Be a good girl. Be sweet. Be nice to people – even if they aren’t nice to you. Be the bigger person. Don’t let others get you down. Always smile. Never show them you’re hurt.

These things and many, many more were said to me when I was a child. I took those sentiments personally, seriously and turned them into what I call my Good Girl Programming. This was very intense because, as a Capricorn, I have an added element of perfectionism that can be a blessing and a curse.

There was something else that I learned very young,I have a warm and engaging smile. I’ve been told that it’s contagious. When I genuinely smile at someone, I am greeted back with a smile. People often say that I have a TV worthy smile and that my smile lights up a room. I knew early on that my smile was special; I didn’t understand why or how, but it was.

Then I forgot that I knew it. For a really long time.

Honestly, I feel the forgetting started at the beginning of Motherhood. Becoming a mom suddenly highlighted and exaggerated every shortcoming and blessing I possessed. My awareness of myself shifted rapidly. Enter the soft mom-body, sleep deprivation and LIFE… I began to measure how good of a person I was based on how I met everyone else’s needs. I learned to abandon my own needs in the process. I couldn’t look at myself in the mirror for 20 years.

I was being as good as I could to everyone, yet feelings of failure and frustration fueled a downward spiral of self-criticism that I couldn’t seem to escape. I felt like I SHOULD be happy, but found myself acting in anger, and self-sacrificing my time, energy, and love for others. All the while not feeling like I was getting much of the same in return.

All of this anger, insecurity, and pain led to a spiritual awakening in my late 30’s. I decided that I needed to come up with something nice to say about myself and was bewildered when I just couldn’t think of one authentically nice thing to say.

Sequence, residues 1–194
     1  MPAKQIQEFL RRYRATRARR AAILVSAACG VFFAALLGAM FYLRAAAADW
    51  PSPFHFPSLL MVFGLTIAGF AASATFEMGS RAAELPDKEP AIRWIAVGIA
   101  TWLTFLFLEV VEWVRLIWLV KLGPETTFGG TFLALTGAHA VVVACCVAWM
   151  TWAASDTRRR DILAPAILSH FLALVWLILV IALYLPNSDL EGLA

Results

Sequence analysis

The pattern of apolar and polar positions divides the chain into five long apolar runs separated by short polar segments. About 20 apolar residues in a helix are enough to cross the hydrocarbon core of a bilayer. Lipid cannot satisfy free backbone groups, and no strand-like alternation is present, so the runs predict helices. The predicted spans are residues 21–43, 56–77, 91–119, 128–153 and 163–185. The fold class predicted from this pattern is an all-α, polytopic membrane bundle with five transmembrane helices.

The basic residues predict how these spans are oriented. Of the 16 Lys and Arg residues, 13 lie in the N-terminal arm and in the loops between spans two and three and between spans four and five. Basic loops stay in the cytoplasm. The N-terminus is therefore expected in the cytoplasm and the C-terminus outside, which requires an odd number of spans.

I journaled and constantly thought about it – it weighed on me. I was beginning to realize just how poorly I thought of myself. That was a low point in my self-love level in my life for sure.

Eventually, gratefully, my higher self left a cookie crumb trail, and I remembered that a lot of people compliment my smile. So, I chose to create the following affirmation to say, “I have a beautiful smile. People pay for nicer smiles when they feel they don’t have them. I’m lucky, I got this one for free.”

Then, I forced myself to look in the mirror EVERY DAY and say it. Even when I didn’t want to.

Mirror work, my friends, is some of the realest self-love work a person can do. I am a visual creature. I LOVE BEAUTY! Beauty inspires me; however, I couldn’t SEE my own beauty when I looked in the mirror.

My ability to gaze at myself deeper and longer began to develop as I continued to practice looking at myself. Pretty soon, I did understand that I have a warm and inviting smile. I started to feel it, appreciate it; even love it.

That mirror practice up-leveled my self-love game exponentially. I was learning to be kinder to myself.

Being “good”, in my estimation, requires us to be kind: kind to yourself, kind to others, kind to Mother Earth. It means taking care of myself so that my thoughts are healthy. It means feeding my body nutritious food that nourishes me and works with my system. It means taking quiet time when I need it, and phoning a friend when I need support. It also means honoring all of my emotions and feelings – they’re a genuine part of the human experience. Being kind to myself means retreating to nature for replenishment when my soul is tired or my heart is heavy.

The world needs all the kindness that we can offer from a full heart. Less ‘Good-Girl’ energy based on faulty old programming that requires us to sacrifice ourselves for another’s happiness.

We are each responsible for our own happiness. Any time that we show up in true kindness for ourselves, good will always come from it.

And that, my friends, is really enough.

Until next time, I am compassionately yours,

Misty Pennington Signature